In 2014, remote attackers hit J.P. Morgan Chase and the associated website of the J.P. Morgan Corporate Challenge, affecting 76 million households and 7 million small businesses. Financial services are high value targets. Even when collecting only the name and address of a high-asset account holder, that information can still be profitable on the black market.
There isn’t a single fix-all solution available to guarantee the security of a given firm’s software and systems. However, when it comes to the finance industry, there are strategies that firms can implement to lock down assets and data as securely as possible.
It’s pretty simple to trick someone into sharing their credentials when they believe that they’re corresponding with someone from their firm’s IT department (via phone call or email). Why would someone question it in the first place? Thus, train employees how to avoid becoming a future victim. Train them not to share credentials via phone or email. Make sure that they understand that your firm’s IT department will never request knowledge of that information.
To make sure that information isn’t leaked from within it is important to train employees to be aware of fraudulent or malicious artifacts such as email attachments. Employees need to be aware of common methods used to manipulate businesses such as spear phishing. It is also important to teach employees how to identify evidence once a breach has taken place.
Today, most people consume digital information on a mobile device. With that in mind, here are three important elements to consider:
To be effective, a security policy must be reflected in every process, every decision, and throughout the organization. Use employee training to make employees aware of security best practices. For example, using complex passwords and maintaining a clean desk environment (i.e., properly storing confidential information).
Regularly refine existing security policies to include the most up-to-date information.
Threats come from a variety of sources, from software vulnerabilities to web-based attacks. To block these, establish a multi-layered defense system wherein multiple tools and processes protect sensitive information. These tools and processes must also work hand in hand to provide a seamless experience to the user.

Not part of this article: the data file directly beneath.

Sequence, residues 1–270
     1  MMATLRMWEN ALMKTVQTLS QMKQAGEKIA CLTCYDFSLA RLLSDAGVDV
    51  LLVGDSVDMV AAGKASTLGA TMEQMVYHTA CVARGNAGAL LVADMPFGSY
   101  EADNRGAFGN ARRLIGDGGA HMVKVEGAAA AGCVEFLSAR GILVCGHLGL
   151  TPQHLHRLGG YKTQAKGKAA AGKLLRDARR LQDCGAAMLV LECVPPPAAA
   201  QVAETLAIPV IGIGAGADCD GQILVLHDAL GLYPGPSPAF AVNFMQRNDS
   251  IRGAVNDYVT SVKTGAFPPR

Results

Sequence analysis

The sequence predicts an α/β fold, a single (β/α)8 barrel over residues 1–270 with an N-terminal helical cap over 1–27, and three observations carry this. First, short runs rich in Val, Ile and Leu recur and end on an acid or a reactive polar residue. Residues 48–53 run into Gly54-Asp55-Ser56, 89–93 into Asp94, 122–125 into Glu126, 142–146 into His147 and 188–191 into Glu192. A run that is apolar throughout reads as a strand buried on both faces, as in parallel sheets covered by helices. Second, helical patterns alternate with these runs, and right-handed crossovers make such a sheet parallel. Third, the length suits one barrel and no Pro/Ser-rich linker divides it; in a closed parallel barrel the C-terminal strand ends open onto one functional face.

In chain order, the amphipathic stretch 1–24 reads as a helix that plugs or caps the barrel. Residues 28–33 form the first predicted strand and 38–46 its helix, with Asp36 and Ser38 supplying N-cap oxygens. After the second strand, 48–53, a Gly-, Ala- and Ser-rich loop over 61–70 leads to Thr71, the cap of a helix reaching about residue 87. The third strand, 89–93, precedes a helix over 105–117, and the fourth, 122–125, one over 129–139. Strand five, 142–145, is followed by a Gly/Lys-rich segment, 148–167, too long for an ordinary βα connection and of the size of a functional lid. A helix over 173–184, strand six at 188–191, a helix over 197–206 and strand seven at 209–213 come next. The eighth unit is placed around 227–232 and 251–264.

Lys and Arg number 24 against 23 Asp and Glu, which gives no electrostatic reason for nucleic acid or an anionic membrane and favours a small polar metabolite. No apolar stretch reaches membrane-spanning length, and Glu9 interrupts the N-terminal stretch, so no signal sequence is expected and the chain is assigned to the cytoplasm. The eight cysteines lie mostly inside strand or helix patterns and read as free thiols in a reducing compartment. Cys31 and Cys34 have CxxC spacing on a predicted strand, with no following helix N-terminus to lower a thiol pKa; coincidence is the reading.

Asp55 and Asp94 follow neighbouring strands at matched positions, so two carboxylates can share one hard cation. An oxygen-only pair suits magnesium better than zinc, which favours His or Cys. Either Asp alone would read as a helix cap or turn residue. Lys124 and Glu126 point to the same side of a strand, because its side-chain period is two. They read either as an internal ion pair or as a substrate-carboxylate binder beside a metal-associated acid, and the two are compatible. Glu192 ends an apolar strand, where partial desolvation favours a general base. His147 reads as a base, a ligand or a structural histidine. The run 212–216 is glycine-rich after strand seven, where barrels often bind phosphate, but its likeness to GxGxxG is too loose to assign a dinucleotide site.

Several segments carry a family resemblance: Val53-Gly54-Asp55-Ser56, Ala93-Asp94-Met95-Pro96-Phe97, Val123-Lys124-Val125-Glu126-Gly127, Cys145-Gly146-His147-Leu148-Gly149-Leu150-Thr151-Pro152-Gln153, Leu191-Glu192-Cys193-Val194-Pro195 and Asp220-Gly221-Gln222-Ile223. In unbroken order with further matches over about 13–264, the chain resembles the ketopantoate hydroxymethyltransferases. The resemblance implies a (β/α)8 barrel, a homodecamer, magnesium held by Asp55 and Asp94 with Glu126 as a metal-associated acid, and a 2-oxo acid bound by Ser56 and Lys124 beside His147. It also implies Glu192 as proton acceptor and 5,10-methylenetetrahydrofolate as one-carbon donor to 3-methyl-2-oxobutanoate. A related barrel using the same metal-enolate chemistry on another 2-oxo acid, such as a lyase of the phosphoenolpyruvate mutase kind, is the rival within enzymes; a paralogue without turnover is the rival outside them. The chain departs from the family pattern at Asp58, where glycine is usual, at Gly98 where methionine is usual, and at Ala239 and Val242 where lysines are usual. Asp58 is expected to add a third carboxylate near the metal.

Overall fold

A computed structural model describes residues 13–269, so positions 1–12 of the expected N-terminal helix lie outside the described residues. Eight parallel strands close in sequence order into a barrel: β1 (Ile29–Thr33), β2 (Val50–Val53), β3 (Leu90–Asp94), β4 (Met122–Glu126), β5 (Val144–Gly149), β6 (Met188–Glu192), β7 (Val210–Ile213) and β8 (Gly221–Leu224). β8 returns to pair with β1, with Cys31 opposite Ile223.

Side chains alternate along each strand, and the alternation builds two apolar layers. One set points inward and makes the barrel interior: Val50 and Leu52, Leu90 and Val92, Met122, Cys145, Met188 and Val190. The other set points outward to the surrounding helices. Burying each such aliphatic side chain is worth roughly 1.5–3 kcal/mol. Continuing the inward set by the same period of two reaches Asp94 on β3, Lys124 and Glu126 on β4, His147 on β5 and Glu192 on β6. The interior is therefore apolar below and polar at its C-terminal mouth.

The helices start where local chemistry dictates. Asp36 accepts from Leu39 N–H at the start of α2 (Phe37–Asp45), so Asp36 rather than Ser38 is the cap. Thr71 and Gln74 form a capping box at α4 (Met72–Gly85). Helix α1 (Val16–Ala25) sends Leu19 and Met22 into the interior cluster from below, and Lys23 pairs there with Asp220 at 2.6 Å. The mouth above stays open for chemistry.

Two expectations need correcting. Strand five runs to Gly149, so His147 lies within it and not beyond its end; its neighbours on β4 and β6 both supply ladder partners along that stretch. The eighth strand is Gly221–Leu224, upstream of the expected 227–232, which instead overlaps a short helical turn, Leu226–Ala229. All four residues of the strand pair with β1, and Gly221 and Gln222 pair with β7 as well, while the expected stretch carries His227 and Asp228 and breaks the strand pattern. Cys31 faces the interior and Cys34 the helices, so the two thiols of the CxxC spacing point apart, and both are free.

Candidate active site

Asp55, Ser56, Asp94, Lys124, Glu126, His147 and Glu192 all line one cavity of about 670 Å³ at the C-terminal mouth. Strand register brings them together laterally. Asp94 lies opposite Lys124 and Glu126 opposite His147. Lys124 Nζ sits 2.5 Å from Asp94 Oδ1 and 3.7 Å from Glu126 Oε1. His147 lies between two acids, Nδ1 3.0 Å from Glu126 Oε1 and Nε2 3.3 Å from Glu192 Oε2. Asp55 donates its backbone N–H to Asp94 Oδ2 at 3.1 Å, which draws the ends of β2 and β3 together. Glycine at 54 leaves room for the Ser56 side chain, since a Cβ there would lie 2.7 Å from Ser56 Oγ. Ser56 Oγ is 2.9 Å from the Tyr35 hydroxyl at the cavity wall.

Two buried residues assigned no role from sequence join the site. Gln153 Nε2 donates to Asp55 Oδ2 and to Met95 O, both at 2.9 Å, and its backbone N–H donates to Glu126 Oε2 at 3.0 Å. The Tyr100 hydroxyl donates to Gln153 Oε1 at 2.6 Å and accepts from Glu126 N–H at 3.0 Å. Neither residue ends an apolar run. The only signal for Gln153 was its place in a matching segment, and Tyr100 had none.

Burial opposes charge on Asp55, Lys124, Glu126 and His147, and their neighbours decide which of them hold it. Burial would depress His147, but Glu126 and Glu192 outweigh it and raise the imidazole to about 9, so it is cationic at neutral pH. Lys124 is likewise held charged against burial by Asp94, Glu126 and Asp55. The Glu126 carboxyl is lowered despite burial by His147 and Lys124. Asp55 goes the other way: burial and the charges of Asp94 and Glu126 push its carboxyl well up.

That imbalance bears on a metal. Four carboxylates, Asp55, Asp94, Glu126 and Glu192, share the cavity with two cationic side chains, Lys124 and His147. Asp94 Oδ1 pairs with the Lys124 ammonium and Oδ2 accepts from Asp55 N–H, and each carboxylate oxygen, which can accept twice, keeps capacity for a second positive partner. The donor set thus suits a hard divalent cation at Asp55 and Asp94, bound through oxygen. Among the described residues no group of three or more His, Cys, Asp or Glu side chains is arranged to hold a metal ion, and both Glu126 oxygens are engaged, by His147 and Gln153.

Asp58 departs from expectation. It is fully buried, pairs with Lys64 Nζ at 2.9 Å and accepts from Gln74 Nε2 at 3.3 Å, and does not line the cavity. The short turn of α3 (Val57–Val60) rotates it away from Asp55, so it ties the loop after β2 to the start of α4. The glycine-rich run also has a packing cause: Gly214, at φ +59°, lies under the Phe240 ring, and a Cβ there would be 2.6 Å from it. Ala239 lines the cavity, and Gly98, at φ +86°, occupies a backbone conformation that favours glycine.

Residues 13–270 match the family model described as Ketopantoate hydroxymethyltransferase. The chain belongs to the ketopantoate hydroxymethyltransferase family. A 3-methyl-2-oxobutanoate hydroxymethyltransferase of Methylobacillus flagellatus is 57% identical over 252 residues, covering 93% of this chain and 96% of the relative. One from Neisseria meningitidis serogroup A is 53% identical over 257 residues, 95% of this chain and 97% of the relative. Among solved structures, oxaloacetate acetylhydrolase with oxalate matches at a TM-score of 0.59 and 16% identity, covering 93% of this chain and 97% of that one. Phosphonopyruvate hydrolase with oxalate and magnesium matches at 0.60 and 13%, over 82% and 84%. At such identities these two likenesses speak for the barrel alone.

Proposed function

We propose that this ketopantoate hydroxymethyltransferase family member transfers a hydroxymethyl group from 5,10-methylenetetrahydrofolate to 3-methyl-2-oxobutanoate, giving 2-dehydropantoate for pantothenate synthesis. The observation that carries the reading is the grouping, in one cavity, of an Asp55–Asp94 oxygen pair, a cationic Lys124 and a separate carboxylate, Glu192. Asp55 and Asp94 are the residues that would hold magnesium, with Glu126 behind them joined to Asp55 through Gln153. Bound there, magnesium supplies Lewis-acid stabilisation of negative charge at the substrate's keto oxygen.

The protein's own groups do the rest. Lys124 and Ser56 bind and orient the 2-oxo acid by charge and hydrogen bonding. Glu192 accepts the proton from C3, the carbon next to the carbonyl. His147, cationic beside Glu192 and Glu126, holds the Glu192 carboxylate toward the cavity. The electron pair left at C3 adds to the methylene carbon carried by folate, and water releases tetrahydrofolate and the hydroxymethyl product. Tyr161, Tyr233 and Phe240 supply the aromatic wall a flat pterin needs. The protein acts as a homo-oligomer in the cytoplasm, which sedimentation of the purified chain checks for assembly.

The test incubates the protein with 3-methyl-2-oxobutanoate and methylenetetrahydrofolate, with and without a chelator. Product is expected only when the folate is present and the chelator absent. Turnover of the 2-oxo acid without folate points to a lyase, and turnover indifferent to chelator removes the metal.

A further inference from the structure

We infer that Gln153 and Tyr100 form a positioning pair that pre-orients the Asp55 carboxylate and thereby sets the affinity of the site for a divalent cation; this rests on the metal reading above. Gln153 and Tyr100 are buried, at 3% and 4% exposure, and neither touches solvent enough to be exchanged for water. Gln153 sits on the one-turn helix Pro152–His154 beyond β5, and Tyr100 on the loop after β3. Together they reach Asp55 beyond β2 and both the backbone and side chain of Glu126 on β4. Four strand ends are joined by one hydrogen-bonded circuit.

Hackers are always learning new and improved methods to collect internal information from your infrastructure–always assume that this is the case. Learn not only from your mistakes but also from the mistakes of others. Continuously look for security loopholes that have or could one day lead to a breach. Close these loopholes as soon as possible. With this thought always in the back of your mind, remain proactive when it comes to security. This is the only way to keep up with attackers.
In an environment where hackers are usually one step ahead, collective accountability is a solid first line of defense. In a worst-case scenario (i.e., if a breach does occur within your firm), establish an incident response plan that minimizes the damage. What may be even more important is that your employees know about it and how it works. Conduct drills to practice the plan so that all relevant parties know exactly what to do in the event of a breach.
Last, but certainly not least, harden your firm’s systems. This includes conducting a penetration test and creating a threat model of all business-critical applications. Also, conduct architecture reviews before the application build begins and implement active code checking during the build.
It is important to build security into every step of an application’s life cycle–from the inception to launch and beyond.